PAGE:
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Westbound Queens Blvd,
toward old Alexander's
Photo Gallery: Queens Blvd

Death Blvd

Above, we're looking toward the 63rd Drive/63rd Road intersection, on 12 lane wide Queens Blvd, in the heart of my old neighborhood, Rego Park, in Queens, NYC. Visible at the corner, behind the twin-quarterloops, is Alexanders, once the premier low end department store chain in NY. To the left is a view of Alexanders from 63rd Drive.
When I shot this in 1992, Alexanders had already been bankrupt and shut down, for several months. For some reason, soneone in their corporate hierarchy forgot to turn off the lights. Alexanders truly defied logic. It's stock was around 15 when it filed Chapter 11. I figured, there goes the neighborhood, that the stock would instantly plummet to around 1 or 2. Goes to show why a sell signal from me, is a buy to the rest of humanity.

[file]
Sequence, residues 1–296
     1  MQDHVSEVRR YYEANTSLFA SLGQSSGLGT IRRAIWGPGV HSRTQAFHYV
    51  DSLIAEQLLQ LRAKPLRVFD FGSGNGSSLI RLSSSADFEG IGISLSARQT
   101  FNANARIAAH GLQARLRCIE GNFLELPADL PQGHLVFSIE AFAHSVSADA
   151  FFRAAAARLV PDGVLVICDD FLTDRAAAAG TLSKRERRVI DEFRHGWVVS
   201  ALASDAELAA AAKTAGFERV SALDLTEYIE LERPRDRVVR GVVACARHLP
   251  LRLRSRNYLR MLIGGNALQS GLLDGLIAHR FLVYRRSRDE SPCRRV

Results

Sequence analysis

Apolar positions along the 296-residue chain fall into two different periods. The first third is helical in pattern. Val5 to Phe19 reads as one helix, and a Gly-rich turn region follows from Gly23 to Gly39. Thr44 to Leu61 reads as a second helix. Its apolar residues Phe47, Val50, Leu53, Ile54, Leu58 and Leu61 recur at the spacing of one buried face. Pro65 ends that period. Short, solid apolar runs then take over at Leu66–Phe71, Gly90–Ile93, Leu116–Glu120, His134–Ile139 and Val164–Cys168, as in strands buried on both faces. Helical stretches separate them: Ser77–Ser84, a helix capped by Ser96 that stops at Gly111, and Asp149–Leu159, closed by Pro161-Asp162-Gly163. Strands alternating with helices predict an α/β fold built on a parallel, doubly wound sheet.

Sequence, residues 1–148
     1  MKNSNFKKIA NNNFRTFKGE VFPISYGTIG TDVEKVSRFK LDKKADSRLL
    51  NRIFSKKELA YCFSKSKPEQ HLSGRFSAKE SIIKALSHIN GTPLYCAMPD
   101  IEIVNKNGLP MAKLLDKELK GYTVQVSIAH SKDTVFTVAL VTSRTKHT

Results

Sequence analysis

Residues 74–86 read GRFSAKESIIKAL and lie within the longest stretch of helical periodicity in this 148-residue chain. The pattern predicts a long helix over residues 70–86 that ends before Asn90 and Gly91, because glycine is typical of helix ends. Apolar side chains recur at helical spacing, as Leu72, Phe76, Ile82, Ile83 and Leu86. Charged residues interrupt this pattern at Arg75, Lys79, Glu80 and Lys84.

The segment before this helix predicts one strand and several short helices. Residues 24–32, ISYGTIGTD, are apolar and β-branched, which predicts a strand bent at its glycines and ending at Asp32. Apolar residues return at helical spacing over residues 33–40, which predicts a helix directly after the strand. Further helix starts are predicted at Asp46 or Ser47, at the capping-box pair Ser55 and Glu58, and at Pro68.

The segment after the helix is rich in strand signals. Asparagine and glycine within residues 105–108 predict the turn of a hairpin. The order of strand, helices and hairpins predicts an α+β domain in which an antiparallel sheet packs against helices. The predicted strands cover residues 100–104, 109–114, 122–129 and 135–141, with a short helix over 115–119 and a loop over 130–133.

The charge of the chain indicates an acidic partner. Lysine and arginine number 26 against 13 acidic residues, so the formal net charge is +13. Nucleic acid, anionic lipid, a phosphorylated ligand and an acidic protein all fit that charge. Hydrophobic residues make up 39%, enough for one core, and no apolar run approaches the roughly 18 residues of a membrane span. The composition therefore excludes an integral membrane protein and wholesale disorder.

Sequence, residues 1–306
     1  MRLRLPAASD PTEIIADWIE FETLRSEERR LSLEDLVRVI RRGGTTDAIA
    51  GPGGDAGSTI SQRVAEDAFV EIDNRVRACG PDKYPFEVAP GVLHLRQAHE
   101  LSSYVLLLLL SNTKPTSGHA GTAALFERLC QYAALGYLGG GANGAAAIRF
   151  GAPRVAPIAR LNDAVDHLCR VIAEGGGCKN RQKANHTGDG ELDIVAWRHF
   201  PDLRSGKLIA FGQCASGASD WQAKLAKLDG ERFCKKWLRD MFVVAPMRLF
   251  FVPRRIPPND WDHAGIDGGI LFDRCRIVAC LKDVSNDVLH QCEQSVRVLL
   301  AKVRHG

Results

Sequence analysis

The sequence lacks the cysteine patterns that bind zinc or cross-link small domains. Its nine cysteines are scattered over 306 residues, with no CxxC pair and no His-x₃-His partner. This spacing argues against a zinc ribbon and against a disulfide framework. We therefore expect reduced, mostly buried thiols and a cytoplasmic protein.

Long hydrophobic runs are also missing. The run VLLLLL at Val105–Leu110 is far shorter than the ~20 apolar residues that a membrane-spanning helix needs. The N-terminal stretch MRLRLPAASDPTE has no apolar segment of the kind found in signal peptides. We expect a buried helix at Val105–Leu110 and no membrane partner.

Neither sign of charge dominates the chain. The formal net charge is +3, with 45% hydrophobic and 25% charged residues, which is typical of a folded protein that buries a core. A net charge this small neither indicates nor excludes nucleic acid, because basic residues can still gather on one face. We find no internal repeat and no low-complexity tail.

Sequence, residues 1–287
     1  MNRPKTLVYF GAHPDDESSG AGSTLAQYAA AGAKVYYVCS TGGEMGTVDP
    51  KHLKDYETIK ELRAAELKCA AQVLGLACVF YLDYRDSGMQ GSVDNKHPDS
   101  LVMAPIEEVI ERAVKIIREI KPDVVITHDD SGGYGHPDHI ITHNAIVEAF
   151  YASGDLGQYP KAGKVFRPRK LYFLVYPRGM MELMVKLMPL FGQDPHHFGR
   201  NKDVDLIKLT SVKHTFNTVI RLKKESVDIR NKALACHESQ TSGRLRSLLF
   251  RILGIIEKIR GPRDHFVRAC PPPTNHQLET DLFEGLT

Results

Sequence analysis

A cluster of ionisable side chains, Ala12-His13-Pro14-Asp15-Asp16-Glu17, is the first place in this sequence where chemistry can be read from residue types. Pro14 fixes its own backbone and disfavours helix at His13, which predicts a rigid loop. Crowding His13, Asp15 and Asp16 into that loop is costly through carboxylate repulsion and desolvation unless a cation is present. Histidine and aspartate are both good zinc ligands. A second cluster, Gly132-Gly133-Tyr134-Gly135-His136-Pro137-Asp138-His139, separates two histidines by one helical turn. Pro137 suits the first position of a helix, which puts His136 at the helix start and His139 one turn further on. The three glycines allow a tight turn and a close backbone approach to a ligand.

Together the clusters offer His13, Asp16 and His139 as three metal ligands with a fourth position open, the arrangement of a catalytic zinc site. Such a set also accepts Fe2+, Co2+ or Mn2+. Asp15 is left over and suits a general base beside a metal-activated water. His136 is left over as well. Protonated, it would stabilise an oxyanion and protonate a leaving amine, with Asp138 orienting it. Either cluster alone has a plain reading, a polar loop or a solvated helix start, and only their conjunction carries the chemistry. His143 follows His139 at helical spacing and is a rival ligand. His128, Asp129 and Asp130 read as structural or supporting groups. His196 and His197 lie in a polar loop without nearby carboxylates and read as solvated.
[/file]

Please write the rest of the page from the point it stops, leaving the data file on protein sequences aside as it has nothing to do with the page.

Within a few months, Alexanders bankrupt common stock had soared to near 60! It turned out that after shutting their doors, they ended the flow of red ink engendered by trying to stay open. Now they could sit back on all the appreciating real estate that they owned, like this store, and wait for solvent tenants to lease or buy.
This particular site appears cursed, however. Another regional discount chain, Caldor's, signed on to take over and remodel the site. With completion still months away, in the fall of 1995, Caldor's ran into cash flow troubles, was cut off by it's factors and suppliers, and followed it's predecessor into ole Chappie One-One.
Mighty Sears Roebuck, looking over the site from the lofty heights of their 112 story Sears Tower in Chicago, took over. They ramrodded the project through to completion, including a powerful looking multistory garage, adjacent to the main building. One day, in mid 1997, part of that garage caved in, luckily taking no lives.
The dark office building visible behind the store was a neighborhood legend as well. Built around 1970, it was mostly unrented for years. It could barely even keep it's storefronts full. If it wasn't brown, it would've been a white elephant. Even to this day, nearly 30 years later, I'll bet there's some spot in there that has never been rented.

© 1997, Jeff Saltzman.